Representative Dalip Saund of California | US House of Representatives: History, Art & ArchivesOn this date, Representative Dalip Saund of California died in Hollywood, California. Born in Amritsar, India, Saund became the first Asian-American Representative to serve in the House of Representatives. After immigrating to the United States, Saund earned an M.A. and a Ph.D. from the University of California. In 1949, he became a U.S. citizen. Saund worked as a lettuce farmer before winning election as a judge for Imperial County, California. After meeting the seven-year constitutional requirement for citizenship, he ran for and won election to the 85th Congress (1957–1959) in 1956. In 1957, the Congressman returned to his native country of India and its surrounding countries on a two-month goodwill speaking tour. Treated as a celebrity, Saund was invited to address India’s Parliament. During the overseas trip, he spoke multiple times a day on issues such as communism and civil rights. In discussing the Little Rock, Arkansas desegregation problems, the Congressman stated, “The problem of man’s injustice to man is a world problem. Let one who is innocent and pure throw the first stone.” Saund returned to the United States suggesting that the U.S. should clarify its foreign policy aims and conduct more outreach to Asian countries. Saund served a total of three terms in the House. During his campaign for re-election to the 88th Congress (1963–1965), he suffered a stroke on a flight to Washington, D.C. He remained hospitalized at Bethesda Naval Hospital for the remainder of his unsuccessful campaign. Saund eventually returned to his home in California, but never fully recovered from his stroke.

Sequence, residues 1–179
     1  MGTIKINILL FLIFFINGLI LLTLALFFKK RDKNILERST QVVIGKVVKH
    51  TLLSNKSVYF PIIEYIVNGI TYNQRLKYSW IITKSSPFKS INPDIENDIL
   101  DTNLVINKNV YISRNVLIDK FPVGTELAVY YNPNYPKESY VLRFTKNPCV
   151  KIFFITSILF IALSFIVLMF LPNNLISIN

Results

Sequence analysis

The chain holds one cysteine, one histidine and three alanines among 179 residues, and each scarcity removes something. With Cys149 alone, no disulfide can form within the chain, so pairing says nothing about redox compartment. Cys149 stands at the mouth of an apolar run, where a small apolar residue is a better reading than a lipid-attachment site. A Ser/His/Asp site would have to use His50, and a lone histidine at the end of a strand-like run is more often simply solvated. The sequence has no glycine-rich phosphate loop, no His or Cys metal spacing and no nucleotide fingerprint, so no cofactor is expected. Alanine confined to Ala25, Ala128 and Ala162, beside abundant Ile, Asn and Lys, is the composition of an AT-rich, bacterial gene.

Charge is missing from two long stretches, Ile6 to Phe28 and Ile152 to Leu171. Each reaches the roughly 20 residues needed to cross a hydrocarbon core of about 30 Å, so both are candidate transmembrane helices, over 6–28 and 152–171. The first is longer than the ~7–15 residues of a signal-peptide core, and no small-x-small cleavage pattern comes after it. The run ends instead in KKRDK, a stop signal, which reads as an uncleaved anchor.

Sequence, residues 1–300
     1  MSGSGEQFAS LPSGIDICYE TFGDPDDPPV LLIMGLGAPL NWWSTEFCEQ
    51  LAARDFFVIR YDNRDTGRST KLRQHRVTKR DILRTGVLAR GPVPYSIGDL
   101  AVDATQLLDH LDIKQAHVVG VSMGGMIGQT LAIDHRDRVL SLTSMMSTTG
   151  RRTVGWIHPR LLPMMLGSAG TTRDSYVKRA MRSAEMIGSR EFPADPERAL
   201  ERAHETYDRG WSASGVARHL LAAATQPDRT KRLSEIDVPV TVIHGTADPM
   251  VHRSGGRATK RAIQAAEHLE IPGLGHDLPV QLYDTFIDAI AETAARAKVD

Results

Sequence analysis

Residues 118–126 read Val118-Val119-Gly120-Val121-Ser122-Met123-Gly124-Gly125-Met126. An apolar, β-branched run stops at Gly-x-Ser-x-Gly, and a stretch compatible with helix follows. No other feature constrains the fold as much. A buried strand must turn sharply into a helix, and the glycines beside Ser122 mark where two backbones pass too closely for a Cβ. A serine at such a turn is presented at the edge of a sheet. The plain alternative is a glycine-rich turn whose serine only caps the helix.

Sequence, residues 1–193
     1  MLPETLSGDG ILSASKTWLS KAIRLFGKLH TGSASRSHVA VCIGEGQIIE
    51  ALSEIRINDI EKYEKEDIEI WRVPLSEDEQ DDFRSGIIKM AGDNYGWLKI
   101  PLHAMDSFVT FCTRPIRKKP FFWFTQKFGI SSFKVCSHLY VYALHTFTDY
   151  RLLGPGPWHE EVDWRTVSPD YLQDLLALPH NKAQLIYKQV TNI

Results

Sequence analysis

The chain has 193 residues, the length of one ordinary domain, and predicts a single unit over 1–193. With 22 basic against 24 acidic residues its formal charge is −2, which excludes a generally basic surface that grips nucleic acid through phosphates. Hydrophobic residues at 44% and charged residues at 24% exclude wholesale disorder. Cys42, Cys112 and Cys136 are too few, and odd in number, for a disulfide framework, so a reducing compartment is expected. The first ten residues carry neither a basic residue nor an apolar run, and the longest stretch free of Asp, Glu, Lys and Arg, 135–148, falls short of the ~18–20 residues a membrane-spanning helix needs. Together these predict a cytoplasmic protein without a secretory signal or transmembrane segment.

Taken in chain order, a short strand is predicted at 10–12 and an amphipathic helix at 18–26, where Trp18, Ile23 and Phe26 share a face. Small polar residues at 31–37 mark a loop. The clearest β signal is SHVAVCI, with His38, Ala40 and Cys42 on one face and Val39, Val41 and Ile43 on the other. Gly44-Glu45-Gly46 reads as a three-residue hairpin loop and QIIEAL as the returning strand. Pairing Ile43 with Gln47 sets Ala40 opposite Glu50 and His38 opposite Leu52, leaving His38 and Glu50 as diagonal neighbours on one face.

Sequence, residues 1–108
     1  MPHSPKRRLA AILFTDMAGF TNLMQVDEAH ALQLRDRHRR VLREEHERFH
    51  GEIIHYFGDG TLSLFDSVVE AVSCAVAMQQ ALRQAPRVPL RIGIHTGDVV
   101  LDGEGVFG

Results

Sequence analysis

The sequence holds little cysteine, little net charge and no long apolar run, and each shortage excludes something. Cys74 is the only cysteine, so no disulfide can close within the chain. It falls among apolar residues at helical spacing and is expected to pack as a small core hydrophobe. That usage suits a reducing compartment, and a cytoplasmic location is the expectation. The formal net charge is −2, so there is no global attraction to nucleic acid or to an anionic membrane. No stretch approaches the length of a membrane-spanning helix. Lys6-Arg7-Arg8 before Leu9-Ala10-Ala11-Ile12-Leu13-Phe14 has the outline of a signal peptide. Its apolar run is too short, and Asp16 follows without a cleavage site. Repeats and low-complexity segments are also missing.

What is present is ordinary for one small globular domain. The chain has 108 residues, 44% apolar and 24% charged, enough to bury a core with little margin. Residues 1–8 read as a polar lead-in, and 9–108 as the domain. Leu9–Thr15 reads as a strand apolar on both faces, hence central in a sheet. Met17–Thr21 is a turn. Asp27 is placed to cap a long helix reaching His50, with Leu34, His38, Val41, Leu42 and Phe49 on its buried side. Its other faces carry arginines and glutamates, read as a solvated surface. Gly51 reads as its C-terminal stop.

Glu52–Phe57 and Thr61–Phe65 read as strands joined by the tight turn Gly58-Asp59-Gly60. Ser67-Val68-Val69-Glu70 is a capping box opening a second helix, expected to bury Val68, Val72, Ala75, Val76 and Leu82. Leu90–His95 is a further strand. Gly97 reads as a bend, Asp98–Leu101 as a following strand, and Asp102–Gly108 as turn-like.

The Psychology of a Pandemic: Lessons From the Spanish FluSupport our channel here! https://www.patreon.com/historydose Merch store: https://www.redbubble.com/people/historydose/shop?ref=artist_title_name The chronic fear and isolation now gripping the world is not unprecedented. There appears to be a certain psychology to a pandemic— mental patterns now reemerging in the face of the COVID-19 coronavirus. Today, in this mini historical documentary, we look at the human side of the 1918 “Spanish influenza” pandemic. It’s in the firsthand accounts that we begin to truly understand the experiences of the doctors, parents, nurses, civilians, and children who endured the 1918 pandemic. In seeing familiar problems and fears, we also get a glimpse at how people of the era found ways to endure physically and mentally. Also, the pedantic part of me would like to acknowledge that I accidentally skipped over a couple of words while reading the N. Roy Grist quotations. Thankfully, it didn't change their meaning :) Sources “1918 Pandemic Influenza Survivors Share Their Stories.” Interviews by Ann Brantley. Alabama Public Health, http://www.alabamapublichealth.gov/pandemicflu/1918-influenza-survivor-stories.html. Chand, Rakashi. “100 Years after the Influenza Pandemic.” The Beehive, Massachusetts Historical Society, 27 Aug. 2018, www.masshist.org/beehiveblog/2018/08/100-years-after-the-influenza-pandemic/. Brandorff, Dana. “What We Can Learn from the Past to Deal with Coronavirus.” University of Colorado Anschutz Medical Campus, 11 Mar. 2020, nursing.cuanschutz.edu/about/news/CU-nursing/colorado-nurse-diary-recounts-spanish-flu. Cohen, David S. “What Coverage of the Spanish Flu Pandemic Can Tell Us About Coronavirus.” Variety, Variety, 1 Apr. 2020, variety.com/2020/biz/features/coronavirus-outbreak-1918-flu-pandemic-1203551560/. “Collection of Personal Narratives, Manuscripts and Ephemera about the 1918-1919 Influenza Pandemic, 1917-1923.” Online Archive of California, oac.cdlib.org/findaid/ark:/13030/kt2t1nf4s5/entire_text/. United States, Congress, Garrett, Thomas A. “Economic Effects of the 1918 Influenza Pandemic.” Economic Effects of the 1918 Influenza Pandemic, 2007. https://www.stlouisfed.org/~/media/files/pdfs/community development/research reports/pandemic_flu_report.pdf. Grist, N. Roy. “A Letter From Camp Devens.” PBS, Public Broadcasting Service, www.pbs.org/wgbh/americanexperience/features/influenza-letter/. Knobler, Stacey. “1918 Revisited: Lessons and Suggestions for Further Inquiry.” National Academies Press, Forum on Microbial Threats, https://www.ncbi.nlm.nih.gov/books/NBK22148/. Phillips, Howard. “Influenza Pandemic (Africa).” International Encyclopedia of the First World War, 8 Oct. 2014, https://encyclopedia.1914-1918-online.net/article/influenza_pandemic_africa. Roos, Dave. “How U.S. Cities Tried to Halt the Spread of the 1918 Spanish Flu.” History.com, A&E Television Networks, 11 Mar. 2020, www.history.com/news/spanish-flu-pandemic-response-cities. Saul, Toby. “Inside the Swift, Deadly History of the Spanish Flu Pandemic.” National Geographic, 5 Mar. 2020, www.nationalgeographic.com/history/magazine/2018/03-04/history-spanish-flu-pandemic/ Walker, Childs. “The 'Forgotten Pandemic': What Researchers Can Learn from the 1918 Flu.” The Taunton Daily Gazette, 13 Apr. 2020, www.tauntongazette.com/news/20200413/forgotten-pandemic-what-researchers-can-learn-from-1918-flu. Newspaper Sources Audubon County journal. (Exira, Iowa), 17 Oct. 1918. Chronicling America: Historic American Newspapers. Lib. of Congress. https://chroniclingamerica.loc.gov/lccn/sn87057934/1918-10-17/ed-1/seq-2/ Denison review. [volume] (Denison, Iowa), 09 Oct. 1918. Chronicling America: Historic American Newspapers. Lib. of Congress. https://chroniclingamerica.loc.gov/lccn/sn84038095/1918-10-09/ed-1/seq-2/ Pullman herald. [volume] (Pullman, W.T. [Wash.]), 15 Nov. 1918. Chronicling America: Historic American Newspapers. Lib. of Congress. https://chroniclingamerica.loc.gov/lccn/sn88085488/1918-11-15/ed-1/seq-1/ Seattle star. (Seattle, Wash.), 19 Sept. 1918. Chronicling America: Historic American Newspapers. Lib. of Congress. https://chroniclingamerica.loc.gov/lccn/sn87093407/1918-09-19/ed-1/seq-1/ Shoshone journal. [volume] (Shoshone, Idaho), 28 Feb. 1919. Chronicling America: Historic American Newspapers. Lib. of Congress. https://chroniclingamerica.loc.gov/lccn/sn86063039/1919-02-28/ed-1/seq-3/ MUSIC: Scott Buckley https://www.youtube.com/user/musicbys… Kevin MacLeod (incompetech.com) Licensed under Creative Commons: By Attribution 3.0 License https://creativecommons.org/licenses/by/3.0/ Audionautix Licensed under a Creative Commons Attribution license (https://creativecommons.org/licenses/by/4.0/) Artist: http://audionautix.com/ Dramatic Solo Cello by Ambient Puppy Purchase of Envato Market Standard Music License for opening song